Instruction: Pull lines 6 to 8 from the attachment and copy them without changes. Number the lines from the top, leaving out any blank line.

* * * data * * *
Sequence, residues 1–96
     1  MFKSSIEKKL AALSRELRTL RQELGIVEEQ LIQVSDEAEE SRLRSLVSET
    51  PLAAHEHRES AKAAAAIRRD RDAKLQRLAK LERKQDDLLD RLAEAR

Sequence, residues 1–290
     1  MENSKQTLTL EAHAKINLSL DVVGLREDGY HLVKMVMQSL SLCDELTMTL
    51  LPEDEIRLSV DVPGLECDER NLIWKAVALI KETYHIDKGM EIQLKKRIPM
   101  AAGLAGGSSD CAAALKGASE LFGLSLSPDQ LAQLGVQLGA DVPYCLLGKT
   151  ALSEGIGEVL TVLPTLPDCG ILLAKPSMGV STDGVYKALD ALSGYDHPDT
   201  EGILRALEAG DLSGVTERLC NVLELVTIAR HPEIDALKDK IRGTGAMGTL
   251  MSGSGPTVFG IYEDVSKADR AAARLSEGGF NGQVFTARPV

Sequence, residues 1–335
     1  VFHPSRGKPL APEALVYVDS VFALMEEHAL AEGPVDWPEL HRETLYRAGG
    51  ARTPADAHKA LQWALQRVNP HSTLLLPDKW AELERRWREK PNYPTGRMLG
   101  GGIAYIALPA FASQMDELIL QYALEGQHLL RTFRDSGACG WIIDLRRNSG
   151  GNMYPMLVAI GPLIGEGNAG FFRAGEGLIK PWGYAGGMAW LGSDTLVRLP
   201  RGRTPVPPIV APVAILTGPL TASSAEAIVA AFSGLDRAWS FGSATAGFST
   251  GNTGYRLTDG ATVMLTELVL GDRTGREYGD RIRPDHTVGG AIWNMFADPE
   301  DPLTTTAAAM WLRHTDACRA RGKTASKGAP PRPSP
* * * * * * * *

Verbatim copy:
    51  LPEDEIRLSV DVPGLECDER NLIWKAVALI KETYHIDKGM EIQLKKRIPM
   101  AAGLAGGSSD CAAALKGASE LFGLSLSPDQ LAQLGVQLGA DVPYCLLGKT
   151  ALSEGIGEVL TVLPTLPDCG ILLAKPSMGV STDGVYKALD ALSGYDHPDT